2021 TEF Entrepreneurship Programme

What it Takes to Support Women Entrepreneurs in Africa

Women entrepreneurs continue to experience a high financial gap, less support and lower profits than their male counterparts. According to publicly available research, women entrepreneurs across sub-Saharan Africa continue to earn lower profits than men (34% less on average).

To address these, most organisations and countries have recognised the need to target the underlying social norms and constraints that hold African women back, prominent among them the uneven burden of childcare and domestic responsibilities, and drive the push for women in more profitable sectors.

Earlier in March, the CEO of the Tony Elumelu Foundation, Ifeyinwa Ugochukwu, joined a high-level virtual panel organised by TEF Partners, German development agency (GIZ), to discuss the[NO1] [AN2]  economic and social effects of the pandemic and opportunities to close the digital gender divide while empowering female African entrepreneurs.

“We all know that when you empower a woman, you empower a nation. We all know that the African woman is a major pillar in achieving the economic development of Africa,” said Ifeyinwa at the event.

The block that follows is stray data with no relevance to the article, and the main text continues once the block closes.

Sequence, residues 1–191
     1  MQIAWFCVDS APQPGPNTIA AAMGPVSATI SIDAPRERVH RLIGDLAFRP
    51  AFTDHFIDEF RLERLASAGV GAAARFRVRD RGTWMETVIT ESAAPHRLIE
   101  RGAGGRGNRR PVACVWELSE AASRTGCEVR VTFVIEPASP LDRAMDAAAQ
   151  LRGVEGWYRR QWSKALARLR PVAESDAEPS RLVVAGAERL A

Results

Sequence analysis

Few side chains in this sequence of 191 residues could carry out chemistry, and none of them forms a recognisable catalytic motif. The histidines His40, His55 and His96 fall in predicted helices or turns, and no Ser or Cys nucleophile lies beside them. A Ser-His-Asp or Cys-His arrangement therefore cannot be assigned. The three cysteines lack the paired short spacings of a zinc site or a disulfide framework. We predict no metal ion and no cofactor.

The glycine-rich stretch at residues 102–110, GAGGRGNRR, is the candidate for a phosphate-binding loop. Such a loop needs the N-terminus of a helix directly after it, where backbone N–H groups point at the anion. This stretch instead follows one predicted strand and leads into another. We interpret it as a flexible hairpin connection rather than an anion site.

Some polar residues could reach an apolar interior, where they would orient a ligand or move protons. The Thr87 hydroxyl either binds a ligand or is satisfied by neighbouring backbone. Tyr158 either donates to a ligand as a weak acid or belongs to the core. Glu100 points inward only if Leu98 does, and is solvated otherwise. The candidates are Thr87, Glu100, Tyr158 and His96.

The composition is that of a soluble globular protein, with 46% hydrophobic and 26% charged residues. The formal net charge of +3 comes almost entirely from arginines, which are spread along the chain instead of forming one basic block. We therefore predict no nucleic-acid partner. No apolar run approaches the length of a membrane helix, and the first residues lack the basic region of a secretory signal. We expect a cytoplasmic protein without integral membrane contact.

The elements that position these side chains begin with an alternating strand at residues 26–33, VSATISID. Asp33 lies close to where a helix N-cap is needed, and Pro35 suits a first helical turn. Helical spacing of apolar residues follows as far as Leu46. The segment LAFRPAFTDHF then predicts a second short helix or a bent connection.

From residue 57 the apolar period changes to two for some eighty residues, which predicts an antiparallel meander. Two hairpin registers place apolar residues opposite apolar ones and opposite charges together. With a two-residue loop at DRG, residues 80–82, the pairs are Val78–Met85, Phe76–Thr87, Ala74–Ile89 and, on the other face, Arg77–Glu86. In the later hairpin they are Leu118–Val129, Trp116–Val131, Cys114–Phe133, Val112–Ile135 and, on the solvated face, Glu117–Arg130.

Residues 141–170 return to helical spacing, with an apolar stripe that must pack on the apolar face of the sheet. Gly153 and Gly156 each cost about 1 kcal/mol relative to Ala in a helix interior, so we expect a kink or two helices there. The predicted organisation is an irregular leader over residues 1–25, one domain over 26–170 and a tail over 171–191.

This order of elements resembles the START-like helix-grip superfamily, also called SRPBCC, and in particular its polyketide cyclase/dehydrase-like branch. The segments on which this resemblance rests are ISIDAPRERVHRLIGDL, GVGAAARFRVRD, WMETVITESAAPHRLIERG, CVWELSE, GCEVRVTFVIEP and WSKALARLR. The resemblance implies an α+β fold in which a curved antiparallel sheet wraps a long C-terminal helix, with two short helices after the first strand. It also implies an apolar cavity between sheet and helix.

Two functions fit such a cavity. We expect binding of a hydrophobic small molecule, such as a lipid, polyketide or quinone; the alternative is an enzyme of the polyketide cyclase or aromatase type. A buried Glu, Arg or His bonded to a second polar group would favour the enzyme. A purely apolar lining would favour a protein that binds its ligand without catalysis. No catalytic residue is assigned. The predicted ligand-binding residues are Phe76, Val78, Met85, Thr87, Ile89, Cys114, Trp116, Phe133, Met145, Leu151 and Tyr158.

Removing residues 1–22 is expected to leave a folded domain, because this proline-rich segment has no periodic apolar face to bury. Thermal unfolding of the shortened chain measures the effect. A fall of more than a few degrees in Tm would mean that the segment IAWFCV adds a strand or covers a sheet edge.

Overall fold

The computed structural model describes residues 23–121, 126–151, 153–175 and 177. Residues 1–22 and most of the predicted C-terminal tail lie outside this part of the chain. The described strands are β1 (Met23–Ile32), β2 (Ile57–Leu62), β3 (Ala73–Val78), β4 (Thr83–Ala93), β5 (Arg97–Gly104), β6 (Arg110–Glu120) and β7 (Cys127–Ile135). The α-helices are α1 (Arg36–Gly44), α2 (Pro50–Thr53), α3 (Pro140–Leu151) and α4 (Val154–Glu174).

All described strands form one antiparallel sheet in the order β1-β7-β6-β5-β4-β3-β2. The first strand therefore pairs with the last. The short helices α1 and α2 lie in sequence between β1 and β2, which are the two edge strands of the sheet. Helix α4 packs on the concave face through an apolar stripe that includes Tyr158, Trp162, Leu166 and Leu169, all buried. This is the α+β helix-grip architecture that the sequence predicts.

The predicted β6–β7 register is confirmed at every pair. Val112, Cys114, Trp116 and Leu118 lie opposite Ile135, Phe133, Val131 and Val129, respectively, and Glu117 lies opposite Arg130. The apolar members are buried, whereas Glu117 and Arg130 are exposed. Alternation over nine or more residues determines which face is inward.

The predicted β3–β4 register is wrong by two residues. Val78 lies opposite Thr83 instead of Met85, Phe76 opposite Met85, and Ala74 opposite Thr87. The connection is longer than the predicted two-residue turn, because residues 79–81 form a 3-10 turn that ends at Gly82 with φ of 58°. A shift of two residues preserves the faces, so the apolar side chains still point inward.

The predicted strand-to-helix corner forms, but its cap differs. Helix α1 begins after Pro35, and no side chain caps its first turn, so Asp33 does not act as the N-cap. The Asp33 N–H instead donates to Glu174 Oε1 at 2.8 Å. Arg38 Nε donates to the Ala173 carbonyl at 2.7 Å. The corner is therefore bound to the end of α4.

She explained how the TEF Entrepreneurship Programme prioritised achieving gender inclusivity as a part of its mission since the start of the programme in 2015. Having funded about 3000 women since the start of the programme, this year, the Foundation is working with the European Union, to train, fund, and mentor at least 3000 women for 2021 alone.

The lack of female leaders and representation in top roles are some of the barriers which hinder women from accessing these positions and creating the space for women to lead at the forefront of various sectors in business can inspire the change we want to see on the continent, triggering economic empowerment in a sustainable, gender-inclusive format.

However, this task isn’t only up to one person or organisation, and the role of the public-private sector is critical in achieving this goal. Women’s economic empowerment requires support at a national and international level, and strategies that improve access to healthcare, working conditions and finances.


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